Science & Technology Book Reviews (page 4)

BRING BACK THE KING by Helen Pilcher
Released: Jan. 10, 2017

"A unique perspective on our responsibility to preserve the chain of being of which we are only a part."
An intriguing look at the possibilities of bringing the passenger pigeon and other currently extinct species back to life. Read full book review >
VALLEY OF THE GODS by Alexandra Wolfe
Released: Jan. 10, 2017

"Nothing surprising but of some interest to business readers and entrepreneurs looking for ways to 'disrupt' education."
An account of the rising generation of Silicon Valleyites, who want it all—and then some. Read full book review >

Released: Jan. 10, 2017

"A passionately presented book that offers sparkling tangents for further study."
A history of the startling scientific innovations that rose to meet disconcerting troubles in revolutionary France. Read full book review >
Technocracy in America by Parag Khanna
Released: Jan. 10, 2017

"A refreshingly original contribution to the ongoing analysis of the American political system."
A radical reappraisal of democracy and its decline in the United States. Read full book review >
Released: Jan. 8, 2017

"A concise primer to the science and politics of climate change."
An admirably evenhanded appraisal of the challenges posed by climate change and the political solutions available. Read full book review >

Released: Jan. 3, 2017

"Couch potatoes take warning: the experiences described in this testimonial are often tough to read about, and the conclusions, while sometimes convincing, might best be taken with a touch of skepticism."
On the heels of the paleo diet comes a new claim: taking on the physical challenges of the environment faced by our prehistoric ancestors can undo what easy calories and effortless comfort have done to our bodies—made them fat, lazy, and weak. Read full book review >
THE DRUG HUNTERS by Donald R. Kirsch
Released: Jan. 3, 2017

"Highly informative and accessible for general readers."
Biopharmaceutical consultant Kirsch debuts with a popular account of the search for new drugs, from prehistory through the rise of big pharma. Read full book review >
THE STRESS TEST by Ian Robertson
Released: Jan. 3, 2017

"An intriguing overview of important developments in brain research, specifically as it relates to finding 'the right mental balance we need for each challenge that faces us.'"
A veteran neuroscientist and clinical psychologist explores the changes that occur in our brains depending upon how we deal with challenging situations. Read full book review >
Released: Jan. 3, 2017

"A worthy primer on the science of comprehending language at the visible, symbolic level of print, a place that requires plenty of brain power and years of practice to navigate."
Johnny can't read—and too often his teachers can only guess why. Read full book review >
APOLLO PILOT by Donn Eisele
Released: Jan. 1, 2017

"A slim, straightforward addition to the record of space travel."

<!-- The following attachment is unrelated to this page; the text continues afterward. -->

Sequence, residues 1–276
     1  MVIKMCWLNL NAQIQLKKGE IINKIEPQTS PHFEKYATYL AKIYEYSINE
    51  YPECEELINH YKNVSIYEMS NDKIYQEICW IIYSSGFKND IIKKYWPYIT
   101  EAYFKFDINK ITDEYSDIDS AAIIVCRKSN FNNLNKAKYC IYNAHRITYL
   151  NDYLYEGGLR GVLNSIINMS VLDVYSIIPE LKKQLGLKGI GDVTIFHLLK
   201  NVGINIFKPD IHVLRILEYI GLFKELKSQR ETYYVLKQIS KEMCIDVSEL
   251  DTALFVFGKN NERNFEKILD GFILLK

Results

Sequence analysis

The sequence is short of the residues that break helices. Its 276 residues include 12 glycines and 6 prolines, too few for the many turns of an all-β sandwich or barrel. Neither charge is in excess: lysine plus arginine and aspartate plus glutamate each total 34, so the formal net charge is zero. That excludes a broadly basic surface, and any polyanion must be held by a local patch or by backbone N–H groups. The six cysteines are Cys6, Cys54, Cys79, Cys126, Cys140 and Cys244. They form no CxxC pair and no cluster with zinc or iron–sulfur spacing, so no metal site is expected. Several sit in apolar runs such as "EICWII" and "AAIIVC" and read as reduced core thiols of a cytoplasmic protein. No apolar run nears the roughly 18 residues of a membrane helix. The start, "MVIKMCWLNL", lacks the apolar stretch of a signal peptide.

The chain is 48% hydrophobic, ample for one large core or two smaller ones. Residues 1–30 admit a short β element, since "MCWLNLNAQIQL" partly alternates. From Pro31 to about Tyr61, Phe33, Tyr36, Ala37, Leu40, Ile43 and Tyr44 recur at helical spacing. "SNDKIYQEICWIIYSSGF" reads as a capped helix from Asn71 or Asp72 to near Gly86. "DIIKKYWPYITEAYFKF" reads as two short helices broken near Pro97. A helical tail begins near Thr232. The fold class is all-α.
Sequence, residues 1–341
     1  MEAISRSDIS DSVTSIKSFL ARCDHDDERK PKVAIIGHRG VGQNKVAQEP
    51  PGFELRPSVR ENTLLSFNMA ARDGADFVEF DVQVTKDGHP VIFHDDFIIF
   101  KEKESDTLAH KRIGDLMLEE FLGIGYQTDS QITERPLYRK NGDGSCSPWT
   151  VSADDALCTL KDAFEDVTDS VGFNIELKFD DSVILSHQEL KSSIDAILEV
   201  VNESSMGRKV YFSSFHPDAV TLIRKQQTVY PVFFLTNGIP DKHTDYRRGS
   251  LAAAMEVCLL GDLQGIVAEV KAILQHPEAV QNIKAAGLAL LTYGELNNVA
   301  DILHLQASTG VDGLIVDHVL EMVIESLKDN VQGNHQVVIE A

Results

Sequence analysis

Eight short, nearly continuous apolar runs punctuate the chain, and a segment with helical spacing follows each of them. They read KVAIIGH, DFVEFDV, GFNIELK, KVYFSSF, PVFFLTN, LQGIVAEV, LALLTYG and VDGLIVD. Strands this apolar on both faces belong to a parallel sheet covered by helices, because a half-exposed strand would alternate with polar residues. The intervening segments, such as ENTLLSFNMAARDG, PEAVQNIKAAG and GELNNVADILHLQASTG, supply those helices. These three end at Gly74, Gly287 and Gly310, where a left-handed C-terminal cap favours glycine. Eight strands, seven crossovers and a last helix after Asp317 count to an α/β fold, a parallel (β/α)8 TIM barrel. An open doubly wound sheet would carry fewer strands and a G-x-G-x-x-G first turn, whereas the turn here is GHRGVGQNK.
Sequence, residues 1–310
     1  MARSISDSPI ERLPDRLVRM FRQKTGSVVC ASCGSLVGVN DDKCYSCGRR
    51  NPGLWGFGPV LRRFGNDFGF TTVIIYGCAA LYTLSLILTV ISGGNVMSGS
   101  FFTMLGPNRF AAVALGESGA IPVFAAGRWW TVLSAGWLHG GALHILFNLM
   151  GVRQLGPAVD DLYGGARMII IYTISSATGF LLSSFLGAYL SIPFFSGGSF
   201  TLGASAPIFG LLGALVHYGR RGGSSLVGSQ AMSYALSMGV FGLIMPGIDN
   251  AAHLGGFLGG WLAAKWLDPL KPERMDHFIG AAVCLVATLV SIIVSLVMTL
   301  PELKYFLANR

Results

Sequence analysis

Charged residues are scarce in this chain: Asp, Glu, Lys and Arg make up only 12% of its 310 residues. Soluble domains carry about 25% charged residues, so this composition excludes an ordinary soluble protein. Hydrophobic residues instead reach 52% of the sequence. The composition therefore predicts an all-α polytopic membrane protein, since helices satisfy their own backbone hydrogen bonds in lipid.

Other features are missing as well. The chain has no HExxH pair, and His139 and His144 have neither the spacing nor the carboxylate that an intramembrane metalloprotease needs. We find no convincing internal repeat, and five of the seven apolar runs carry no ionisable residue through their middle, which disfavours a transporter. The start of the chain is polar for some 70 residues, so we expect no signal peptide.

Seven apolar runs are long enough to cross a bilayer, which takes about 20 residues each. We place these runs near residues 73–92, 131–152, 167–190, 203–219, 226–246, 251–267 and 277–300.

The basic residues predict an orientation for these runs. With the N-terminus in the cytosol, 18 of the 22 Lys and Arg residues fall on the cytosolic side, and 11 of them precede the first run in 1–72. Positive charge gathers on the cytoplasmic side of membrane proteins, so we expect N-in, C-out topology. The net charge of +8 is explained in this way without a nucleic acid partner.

A posthumous memoir gives an unsung astronaut his due. Read full book review >
Released: Dec. 27, 2016

"A book that should have wide appeal, not only to those fighting the battle of the bulge."
Americans spend more money on the war against fat than the war against terror. As Tara writes, "we are indeed a nation at war with a body part." Read full book review >
Released: Dec. 27, 2016

"An important book that merits—and will likely receive—broad circulation and discussion."
The award-winning journalist once again takes up the cudgel in defense of health. Read full book review >
Kirkus Interview
Yoojin Grace Wuertz
February 27, 2017

In Yoojin Grace Wuertz’s debut novel Everything Belongs to Us, the setting is Seoul in 1978. At South Korea’s top university, the nation’s best and brightest compete to join the professional elite of an authoritarian regime. Success could lead to a life of rarefied privilege and wealth; failure means being left irrevocably behind. For childhood friends Jisun and Namin, the stakes couldn’t be more different. Jisun, the daughter of a powerful business mogul, grew up on a mountainside estate with lush gardens and a dedicated chauffeur. Namin’s parents run a tented food cart from dawn to curfew; her sister works in a shoe factory. Now Jisun wants as little to do with her father’s world as possible, abandoning her schoolwork in favor of the underground activist movement, while Namin studies tirelessly in the service of one goal: to launch herself and her family out of poverty. But everything changes when Jisun and Namin meet an ambitious, charming student named Sunam, whose need to please his family has led him to a prestigious club: the Circle. Under the influence of his mentor, Juno, a manipulative social climber, Sunam becomes entangled with both women, as they all make choices that will change their lives forever. “Engrossing,” our reviewer writes in a starred review. “Wuertz is an important new voice in American fiction.” View video >